In 2014, the European Society of Criminology (ESC) had 1,099 members. The Society organized its 14th Annual Conference in Prague, the Czech Republic, from 10 to 13 September. The conference was attended by 1,077 criminologists. Both figures are the highest recorded since the creation of the ESC in 2000.
The quality of teaching in criminology is very important for the development of the discipline. In addition to teaching criminology in undergraduate programmes, we discussed teaching and research topics in doctoral programmes in several European countries both at the last conference in Prague and in correspondence between the WG members. This year’s challenge is a discussion on doctoral programmes in criminology in Europe.
The ESC Working Group (WG) on Balkan Criminology was established in September 2014 as an initiative of the Max Planck Partner Group for Balkan Criminology (MPPG), which was established in January 2013 as a joint venture by the Max Planck Institute for Foreign and International Criminal Law and the Zagreb Faculty of Law. It represents a working forum of the MPPG's "Balkan Criminology Network" (BCNet) – a network of researchers and scholars with particular interest and expertise in the field of crime research and criminology in the Balkans.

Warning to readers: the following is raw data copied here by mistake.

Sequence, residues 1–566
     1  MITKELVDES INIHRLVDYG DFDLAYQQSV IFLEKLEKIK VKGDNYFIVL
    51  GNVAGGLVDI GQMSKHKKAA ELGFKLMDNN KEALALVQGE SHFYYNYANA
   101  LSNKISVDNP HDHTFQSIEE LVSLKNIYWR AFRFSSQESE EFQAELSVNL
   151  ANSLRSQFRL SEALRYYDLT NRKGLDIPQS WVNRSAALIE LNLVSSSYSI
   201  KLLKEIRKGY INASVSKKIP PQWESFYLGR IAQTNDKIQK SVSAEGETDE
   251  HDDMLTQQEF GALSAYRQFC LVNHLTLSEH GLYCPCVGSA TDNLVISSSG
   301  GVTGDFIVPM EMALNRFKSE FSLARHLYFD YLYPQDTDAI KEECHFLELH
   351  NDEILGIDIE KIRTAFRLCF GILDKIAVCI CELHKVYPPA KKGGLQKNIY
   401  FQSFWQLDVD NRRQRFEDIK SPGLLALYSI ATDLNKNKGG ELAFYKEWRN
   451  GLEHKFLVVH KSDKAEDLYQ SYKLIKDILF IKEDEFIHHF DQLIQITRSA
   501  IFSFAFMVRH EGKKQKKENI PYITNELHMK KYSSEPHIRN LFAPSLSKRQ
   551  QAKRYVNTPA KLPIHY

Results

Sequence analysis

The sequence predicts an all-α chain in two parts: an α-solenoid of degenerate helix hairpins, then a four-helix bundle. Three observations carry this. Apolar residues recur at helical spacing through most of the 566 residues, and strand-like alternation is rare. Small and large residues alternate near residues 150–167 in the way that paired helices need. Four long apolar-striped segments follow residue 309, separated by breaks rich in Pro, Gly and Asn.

This working group was formed in 2007 and exists to encourage networking, foster discussion, stimulate empirical research, enable theoretical development and encourage critical and comparative work on community sanctions and measures in European jurisdictions.
Maria João Guia and May-Len Skilbrei started the ‘Immigration, Crime and Citizenship’ Working Group in 2014 in order to have dedicated discussions at the annual ESC Conference and to use the ESC as a starting point for collaborations between criminologists. The focus is for those with an interest in exploring links between migration and crime and in how intersections of migration and crime are related to citizenship issues.